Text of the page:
17 Mar The Far Reaching Implications Of Crytek’s VR First Initiative And AMD Partnership

Many announcements from game publishers, developers and hardware partners have come out Game Developer’s Conference (GDC) 2016 in San Francisco this week. One of the biggest that got less attention than it deserved was the growth of Crytek’s VR First initiative and their partnership with Advanced Micro Devices (AMD). Both AMD and Crytek have been pioneers in virtual reality (VR), pushing VR as a future use case for their products at least for the last year, if not longer. So, it seems natural that Crytek and AMD have announced a partnership as a part of Crytek’s VR First initiative.

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Cervat Yerli CEO, Crytek (right) and Raja Koduri (left) SVP & Chief Architect, AMD (Photo credit: Anshel Sag)

Crytek’s VR First initiative was announced in January with the first participant being Bahçeşehir University in Istanbul. The initiative is designed to help game developers and 3D artists gain valuable experience and connections with the VR industry using CryEngine to create next-level VR experiences.

As of this week, the list of participating universities has expanded. Crytek added University of Southern California (USC), Purdue, Rochester Institute of Technology, Vancouver Film School, University of Florida, Carleton University and CSU Monterey Bay. This now brings the list of VR First universities to 8 in a short time, increasing CryEngine’s reach. Offering CryEngine V for free (announced this week) isn’t enough. Crytek also needs hardware partners to help them supply the universities with the right equipment to make great VR content with their engine.

One of the biggest pieces of that pie is AMD’s involvement in Crytek’s VR First initiative. Yes, the VR First initiative does have other VR industry leading partners like Razer/OSVR, Leap Motion and Facebook’s Oculus. However, two of them are mostly HMD manufacturers and the other only provides an interface device. AMD brings something different: the horsepower to make VR creation possible. More importantly, AMD just announced their new Radeon Pro Duo graphics card, which is squarely aimed at the content creators Crytek is trying to help.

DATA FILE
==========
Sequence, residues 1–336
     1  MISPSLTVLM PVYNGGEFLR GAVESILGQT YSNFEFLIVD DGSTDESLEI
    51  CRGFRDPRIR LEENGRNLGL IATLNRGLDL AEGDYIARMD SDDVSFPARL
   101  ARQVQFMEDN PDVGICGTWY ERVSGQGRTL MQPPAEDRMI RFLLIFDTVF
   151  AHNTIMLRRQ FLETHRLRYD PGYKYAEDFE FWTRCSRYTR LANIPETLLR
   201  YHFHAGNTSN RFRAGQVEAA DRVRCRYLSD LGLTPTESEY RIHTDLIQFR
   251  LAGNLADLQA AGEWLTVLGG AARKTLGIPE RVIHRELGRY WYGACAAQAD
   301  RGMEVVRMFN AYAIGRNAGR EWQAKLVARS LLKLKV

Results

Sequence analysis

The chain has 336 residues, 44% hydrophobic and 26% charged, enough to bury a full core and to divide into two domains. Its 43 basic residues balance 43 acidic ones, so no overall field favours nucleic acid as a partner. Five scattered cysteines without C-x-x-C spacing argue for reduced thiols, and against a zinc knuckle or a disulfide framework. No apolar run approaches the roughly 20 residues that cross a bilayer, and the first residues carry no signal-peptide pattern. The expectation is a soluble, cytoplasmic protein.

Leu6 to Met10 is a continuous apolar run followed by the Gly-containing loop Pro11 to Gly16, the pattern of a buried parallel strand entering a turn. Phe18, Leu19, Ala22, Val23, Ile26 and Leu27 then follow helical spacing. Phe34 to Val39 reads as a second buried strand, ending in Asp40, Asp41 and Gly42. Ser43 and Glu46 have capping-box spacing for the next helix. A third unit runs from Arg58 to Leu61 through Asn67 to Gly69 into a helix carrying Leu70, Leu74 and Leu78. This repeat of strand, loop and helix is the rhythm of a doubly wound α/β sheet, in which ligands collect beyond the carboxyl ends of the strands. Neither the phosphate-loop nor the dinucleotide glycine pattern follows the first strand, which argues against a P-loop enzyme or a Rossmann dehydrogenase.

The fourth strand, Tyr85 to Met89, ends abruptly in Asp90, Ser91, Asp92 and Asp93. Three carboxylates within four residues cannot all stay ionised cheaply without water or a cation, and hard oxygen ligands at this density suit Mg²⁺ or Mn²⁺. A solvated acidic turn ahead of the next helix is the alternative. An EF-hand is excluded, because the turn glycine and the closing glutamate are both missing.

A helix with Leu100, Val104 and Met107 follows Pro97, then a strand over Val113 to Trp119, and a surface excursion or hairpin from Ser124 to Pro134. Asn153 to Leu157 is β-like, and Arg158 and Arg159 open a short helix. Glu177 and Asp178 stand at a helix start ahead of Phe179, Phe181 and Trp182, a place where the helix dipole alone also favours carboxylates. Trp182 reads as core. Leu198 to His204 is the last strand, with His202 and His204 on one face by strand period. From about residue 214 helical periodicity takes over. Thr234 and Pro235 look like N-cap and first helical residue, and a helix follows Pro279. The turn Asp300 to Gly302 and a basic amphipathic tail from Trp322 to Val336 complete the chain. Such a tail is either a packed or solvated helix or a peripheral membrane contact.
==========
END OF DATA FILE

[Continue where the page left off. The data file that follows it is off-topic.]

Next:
What makes AMD’s involvement so great is that they have been pioneers in VR, creating technologies like Liquid VR and supporting the growth of independent VR conferences like VRLA and independent VR developers. Many of these efforts have been spearheaded by AMD’s Corporate VP of Alliances and Content Roy Taylor and his team. AMD has been a leader in VR, and partners and press are starting to take notice. Having a card like the Radeon Pro Duo and making it available to developers in universities also means that developers will already start building games with multi-GPU in mind.

AMD’s and Crytek’s strategy with the VR First initiative reminds me very much of what NVIDIA did in the early days of CUDA. It plants the necessary seeds at the university level so that people graduating from the universities teaching VR programs are using CryEngine and AMD Radeon. People grow familiar with technologies and tools when they first learn how to use them. If those tools and technologies are good, then they eventually drive the entire industry in that direction. NVIDIA did it by teaching CUDA in universities, and CUDA has been a wild success. I think Crytek and AMD can accomplish a similar result together in VR, especially considering the high quality of Crytek’s engine and AMD’s hardware and drivers.

AMD and Crytek look like a winning combination, and the VR First initiative, if successful, can become a catalysts for industry change. It would not be unreasonable to assume that other universities are waiting to join the VR First initiative and that we could see this program grow in ways that neither company could have ever imagined. If VR First becomes the standard for VR in universities, we could see some serious changes in what engines and game hardware are purchased in the future.